Providing integrated outreach services in Marsabit County
Helping drought affected communities access essential health services
UNICEF partnered with the Marsabit County Department of Health and Kenya Red Cross Society to implement rapid life-saving health services in response to the protracted drought emergency and effects of COVID-19 in Marsabit from May 2021 to the end of July 2022.
During this period, UNICEF supported the Ministry of Health to conduct integrated outreach efforts targeting hard-to-reach children under the age of 18 years, as well as women and men, left highly vulnerable as a result of the protracted drought emergency
The integrated life-saving interventions delivered during outreach services included immunization, nutrition monitoring and management, treatment of minor illnesses, antenatal care for pregnant women, referral of severely ill members of the community to higher level health facilities for specialized treatment, and dissemination of disease prevention messages, including awareness about COVID-19.
Ntubulan Orguba, a 35-year-old mother of six from Loisosu Village, North Horr Sub-county in Marsabit County, gave birth to a boy in January 2021. Unfortunately, at the same time Ntubulan was caring for the infant, a severe drought was pushing thousands of households towards hunger.
Following rainfall shortages, the local community was being affected by food shortages, posing serious health and nutrition challenges to young children, who were vulnerable to malnutrition. In Marsabit County, food insecurity due to recurrent drought coupled with the COVID-19 pandemic denied needy households access to quality essential health services, and a healthy diet. For example, Ntubulan had difficulty putting food on the table for her family. The lack of an adequate diet also affected Ntubulan’s milk supply and her newborn suffered from malnutrition.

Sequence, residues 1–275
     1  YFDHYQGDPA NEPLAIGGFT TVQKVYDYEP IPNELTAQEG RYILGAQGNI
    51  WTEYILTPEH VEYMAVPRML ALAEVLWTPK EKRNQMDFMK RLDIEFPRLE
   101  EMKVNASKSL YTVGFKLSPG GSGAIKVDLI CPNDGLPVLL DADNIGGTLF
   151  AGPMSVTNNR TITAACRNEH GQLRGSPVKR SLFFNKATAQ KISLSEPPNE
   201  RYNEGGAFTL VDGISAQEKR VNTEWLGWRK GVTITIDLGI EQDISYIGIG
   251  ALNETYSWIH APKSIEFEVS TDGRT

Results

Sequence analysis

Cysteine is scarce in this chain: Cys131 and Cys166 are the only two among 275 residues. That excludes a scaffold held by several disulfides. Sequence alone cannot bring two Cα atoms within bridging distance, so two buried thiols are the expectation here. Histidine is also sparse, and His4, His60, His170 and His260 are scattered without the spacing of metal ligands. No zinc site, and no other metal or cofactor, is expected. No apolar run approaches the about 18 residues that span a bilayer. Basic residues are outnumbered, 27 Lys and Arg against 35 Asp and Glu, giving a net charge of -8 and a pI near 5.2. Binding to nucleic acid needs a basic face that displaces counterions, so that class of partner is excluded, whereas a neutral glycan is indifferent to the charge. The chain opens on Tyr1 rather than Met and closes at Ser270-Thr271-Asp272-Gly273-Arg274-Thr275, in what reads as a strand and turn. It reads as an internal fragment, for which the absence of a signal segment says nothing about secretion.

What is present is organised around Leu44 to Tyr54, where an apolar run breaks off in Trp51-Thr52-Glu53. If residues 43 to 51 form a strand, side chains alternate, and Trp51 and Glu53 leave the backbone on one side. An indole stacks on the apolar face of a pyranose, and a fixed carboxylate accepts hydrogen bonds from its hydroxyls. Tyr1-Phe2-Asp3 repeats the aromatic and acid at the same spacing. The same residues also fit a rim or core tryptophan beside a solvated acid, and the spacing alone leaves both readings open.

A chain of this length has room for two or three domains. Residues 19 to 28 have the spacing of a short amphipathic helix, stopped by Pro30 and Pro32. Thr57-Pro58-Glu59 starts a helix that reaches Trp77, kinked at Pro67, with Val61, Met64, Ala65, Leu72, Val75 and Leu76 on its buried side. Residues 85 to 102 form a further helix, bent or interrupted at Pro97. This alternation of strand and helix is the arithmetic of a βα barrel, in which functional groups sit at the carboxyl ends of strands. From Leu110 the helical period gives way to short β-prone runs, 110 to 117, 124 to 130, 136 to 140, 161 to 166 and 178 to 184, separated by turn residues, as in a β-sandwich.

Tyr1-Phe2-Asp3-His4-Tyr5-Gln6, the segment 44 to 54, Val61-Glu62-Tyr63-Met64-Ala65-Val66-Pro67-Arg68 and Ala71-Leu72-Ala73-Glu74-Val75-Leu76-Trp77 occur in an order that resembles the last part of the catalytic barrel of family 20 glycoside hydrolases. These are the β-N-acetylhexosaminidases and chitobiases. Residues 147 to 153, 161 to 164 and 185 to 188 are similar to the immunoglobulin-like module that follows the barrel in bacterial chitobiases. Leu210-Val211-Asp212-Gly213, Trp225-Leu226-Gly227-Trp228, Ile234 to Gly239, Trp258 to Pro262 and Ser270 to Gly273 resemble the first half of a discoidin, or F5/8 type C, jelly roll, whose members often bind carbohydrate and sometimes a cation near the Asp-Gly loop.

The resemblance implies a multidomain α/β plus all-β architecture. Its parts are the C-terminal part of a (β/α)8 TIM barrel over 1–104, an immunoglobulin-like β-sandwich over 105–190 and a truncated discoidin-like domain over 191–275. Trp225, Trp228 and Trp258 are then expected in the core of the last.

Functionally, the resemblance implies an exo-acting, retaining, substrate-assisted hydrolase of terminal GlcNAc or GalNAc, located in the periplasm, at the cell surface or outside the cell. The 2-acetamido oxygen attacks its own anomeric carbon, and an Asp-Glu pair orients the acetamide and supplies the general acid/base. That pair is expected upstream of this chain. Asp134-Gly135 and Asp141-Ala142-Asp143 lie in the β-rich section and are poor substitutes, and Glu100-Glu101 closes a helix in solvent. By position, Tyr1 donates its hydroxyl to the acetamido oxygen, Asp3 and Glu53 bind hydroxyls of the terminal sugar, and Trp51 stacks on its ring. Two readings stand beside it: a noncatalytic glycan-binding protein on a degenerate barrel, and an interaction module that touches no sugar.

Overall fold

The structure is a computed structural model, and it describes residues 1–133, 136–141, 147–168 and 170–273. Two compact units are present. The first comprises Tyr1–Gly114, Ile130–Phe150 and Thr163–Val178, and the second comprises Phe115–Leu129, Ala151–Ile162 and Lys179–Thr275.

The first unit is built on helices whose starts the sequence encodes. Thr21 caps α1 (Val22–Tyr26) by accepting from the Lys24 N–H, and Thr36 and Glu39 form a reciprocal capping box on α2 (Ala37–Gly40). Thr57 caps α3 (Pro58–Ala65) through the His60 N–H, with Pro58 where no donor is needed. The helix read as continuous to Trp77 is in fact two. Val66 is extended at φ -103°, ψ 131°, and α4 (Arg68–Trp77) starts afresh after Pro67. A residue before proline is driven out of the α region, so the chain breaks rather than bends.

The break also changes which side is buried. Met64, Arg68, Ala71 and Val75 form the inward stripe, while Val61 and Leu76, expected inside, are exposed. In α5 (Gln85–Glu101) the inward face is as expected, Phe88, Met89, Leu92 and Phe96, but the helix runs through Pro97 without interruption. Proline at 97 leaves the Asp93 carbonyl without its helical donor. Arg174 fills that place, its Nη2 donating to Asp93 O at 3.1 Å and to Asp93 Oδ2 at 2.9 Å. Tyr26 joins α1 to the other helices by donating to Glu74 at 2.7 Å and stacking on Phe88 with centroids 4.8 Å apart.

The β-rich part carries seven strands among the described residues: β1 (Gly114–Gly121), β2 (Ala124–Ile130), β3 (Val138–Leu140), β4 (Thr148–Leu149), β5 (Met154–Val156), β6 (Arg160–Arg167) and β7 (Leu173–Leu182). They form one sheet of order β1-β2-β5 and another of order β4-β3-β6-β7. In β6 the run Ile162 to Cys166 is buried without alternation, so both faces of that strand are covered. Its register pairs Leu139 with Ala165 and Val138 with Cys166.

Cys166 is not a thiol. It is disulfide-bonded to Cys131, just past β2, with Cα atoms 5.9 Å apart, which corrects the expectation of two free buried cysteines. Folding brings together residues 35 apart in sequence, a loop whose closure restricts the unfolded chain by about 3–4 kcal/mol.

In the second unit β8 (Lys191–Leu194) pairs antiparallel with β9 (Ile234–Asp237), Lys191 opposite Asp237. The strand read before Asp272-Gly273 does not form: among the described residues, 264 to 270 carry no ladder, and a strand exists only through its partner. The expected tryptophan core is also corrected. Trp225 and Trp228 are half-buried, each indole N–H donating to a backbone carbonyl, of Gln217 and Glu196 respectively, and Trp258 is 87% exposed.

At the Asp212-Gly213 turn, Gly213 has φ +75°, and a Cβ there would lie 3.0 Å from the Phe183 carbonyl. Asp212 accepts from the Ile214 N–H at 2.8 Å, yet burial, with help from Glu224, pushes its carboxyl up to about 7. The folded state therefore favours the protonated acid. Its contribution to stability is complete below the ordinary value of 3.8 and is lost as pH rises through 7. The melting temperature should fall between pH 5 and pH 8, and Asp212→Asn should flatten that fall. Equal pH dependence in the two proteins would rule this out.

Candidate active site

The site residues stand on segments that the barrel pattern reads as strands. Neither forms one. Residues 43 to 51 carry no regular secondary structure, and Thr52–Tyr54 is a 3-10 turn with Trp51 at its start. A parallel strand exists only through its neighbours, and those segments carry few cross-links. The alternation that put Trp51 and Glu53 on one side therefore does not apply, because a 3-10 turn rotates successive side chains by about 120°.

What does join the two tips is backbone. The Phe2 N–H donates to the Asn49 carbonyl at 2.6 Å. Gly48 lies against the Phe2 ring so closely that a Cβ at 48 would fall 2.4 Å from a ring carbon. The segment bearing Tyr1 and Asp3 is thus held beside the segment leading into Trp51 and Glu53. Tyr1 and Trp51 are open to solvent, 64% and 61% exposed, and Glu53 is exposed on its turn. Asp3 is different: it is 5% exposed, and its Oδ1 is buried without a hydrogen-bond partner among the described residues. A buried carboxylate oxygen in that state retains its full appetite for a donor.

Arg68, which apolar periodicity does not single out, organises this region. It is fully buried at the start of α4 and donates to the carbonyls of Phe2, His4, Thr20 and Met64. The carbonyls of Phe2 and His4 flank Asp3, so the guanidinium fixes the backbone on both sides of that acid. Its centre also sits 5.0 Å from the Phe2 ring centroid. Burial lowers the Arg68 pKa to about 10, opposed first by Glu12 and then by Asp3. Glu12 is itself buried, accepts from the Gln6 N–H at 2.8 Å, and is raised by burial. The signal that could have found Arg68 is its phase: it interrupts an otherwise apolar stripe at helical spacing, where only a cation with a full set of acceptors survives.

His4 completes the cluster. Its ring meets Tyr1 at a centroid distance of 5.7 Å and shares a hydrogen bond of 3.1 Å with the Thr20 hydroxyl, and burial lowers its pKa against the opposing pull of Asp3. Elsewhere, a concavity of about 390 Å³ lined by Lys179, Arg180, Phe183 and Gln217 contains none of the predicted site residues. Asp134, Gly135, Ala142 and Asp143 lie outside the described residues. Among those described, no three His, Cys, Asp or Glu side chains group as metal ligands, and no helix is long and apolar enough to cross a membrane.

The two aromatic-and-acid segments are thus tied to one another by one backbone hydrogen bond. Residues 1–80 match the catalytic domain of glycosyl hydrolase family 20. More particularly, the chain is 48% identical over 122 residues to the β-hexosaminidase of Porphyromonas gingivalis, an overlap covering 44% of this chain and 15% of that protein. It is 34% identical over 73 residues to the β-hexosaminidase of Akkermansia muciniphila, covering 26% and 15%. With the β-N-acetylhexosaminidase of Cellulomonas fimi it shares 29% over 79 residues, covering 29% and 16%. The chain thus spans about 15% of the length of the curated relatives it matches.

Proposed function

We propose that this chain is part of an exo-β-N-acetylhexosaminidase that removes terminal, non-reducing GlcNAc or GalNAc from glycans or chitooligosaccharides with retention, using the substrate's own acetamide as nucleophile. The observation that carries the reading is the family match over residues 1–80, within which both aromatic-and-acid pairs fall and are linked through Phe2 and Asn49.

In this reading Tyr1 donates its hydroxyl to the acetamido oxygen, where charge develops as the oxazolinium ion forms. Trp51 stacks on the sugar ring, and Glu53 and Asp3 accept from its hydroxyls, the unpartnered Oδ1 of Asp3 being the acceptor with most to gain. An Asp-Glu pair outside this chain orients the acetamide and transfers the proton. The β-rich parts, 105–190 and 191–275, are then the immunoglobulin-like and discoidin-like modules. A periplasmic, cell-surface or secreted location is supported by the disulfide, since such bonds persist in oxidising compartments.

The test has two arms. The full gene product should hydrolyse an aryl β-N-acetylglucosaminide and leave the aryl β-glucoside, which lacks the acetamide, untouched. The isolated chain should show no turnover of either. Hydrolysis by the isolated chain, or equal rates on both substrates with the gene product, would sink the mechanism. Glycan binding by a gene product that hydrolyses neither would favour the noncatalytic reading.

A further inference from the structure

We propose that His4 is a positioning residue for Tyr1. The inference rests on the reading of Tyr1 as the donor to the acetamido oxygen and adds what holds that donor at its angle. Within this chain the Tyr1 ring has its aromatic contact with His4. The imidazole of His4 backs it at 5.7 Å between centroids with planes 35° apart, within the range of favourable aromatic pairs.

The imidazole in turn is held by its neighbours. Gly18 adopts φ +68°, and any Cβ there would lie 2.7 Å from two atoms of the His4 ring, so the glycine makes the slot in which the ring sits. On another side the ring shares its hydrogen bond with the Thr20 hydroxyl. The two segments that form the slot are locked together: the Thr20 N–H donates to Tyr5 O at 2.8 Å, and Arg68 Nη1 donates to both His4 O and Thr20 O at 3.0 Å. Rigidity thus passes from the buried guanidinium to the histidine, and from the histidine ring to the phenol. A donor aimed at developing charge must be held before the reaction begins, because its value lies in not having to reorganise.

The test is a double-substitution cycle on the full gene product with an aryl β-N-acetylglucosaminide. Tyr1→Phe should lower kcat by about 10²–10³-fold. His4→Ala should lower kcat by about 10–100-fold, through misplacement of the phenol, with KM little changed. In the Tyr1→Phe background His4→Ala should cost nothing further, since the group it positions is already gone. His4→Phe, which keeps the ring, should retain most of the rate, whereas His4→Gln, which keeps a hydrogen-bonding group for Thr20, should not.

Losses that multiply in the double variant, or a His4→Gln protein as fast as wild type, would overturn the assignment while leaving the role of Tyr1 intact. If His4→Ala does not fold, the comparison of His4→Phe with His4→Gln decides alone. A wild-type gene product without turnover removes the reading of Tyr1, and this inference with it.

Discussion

Not only was the drought impacting households, it was putting additional strain on over-stretched essential health services and healthcare workers, especially during the peaks of outbreaks. This forced mothers such as Ntubulan to depend on traditional medicines and other coping mechanisms which have poor results.
“The devastating drought destabilized my well-being and made life unbearable. I could not afford to travel long distances to a health facility to have my children vaccinated and treated whenever they fell ill,” says Ntubulan Orguba.
“The fear of contracting COVID-19 also made me stop visiting the hospital. Each time my son got sick, I would treat him using traditional herbs which did not prevent his weight loss.”
“My household was rescued by community health volunteers who brought health services to my doorstep. I took all my six children for a check-up as well as receiving immunization. My son who is 1 year old was screened and identified to have acute malnutrition, and was vaccinated and also provided with supplements. I was also reminded of my return date for the next vaccination sessions, and how to feed my household with healthy meals and knowledge on monitoring of acute malnutrition using the Family Mid Upper Arm Circumference (MUAC). The Community Health Volunteers (CHVs) also advised me on key household practices to prevent my family from getting COVID-19, and advised us where to receive vaccination. All these protected my households against the virus,” affirmed Ntubulan.
Support to beneficiaries
To combat the humanitarian situation, relief agencies are implementing integrated medical outreach, identification, site management and referral, bringing about positive changes. Support referrals during the outreaches have saved lives and follow ups have improved the nutrition status of children.
For Ntubulan, her child’s health has improved compared to his initial status. Changes have been witnessed in her baby’s ability to feed and pass stool properly. His improved skin, alertness and happiness have also brought hope.
Integrated health services are key to identifying and meeting community health and well-being. The UNICEF and Ministry of Health's integrated health outreach efforts, implemented by Kenya Red Cross, effectively contributed to improved access to cost-effective services and increased referrals. These efforts have helped to reduce the number of morbidity cases reported at the community level. Knowledge provided at the hospital and during outreach efforts on sanitation and hygiene, good feeding practices and health-seeking behavior has had a positive impact.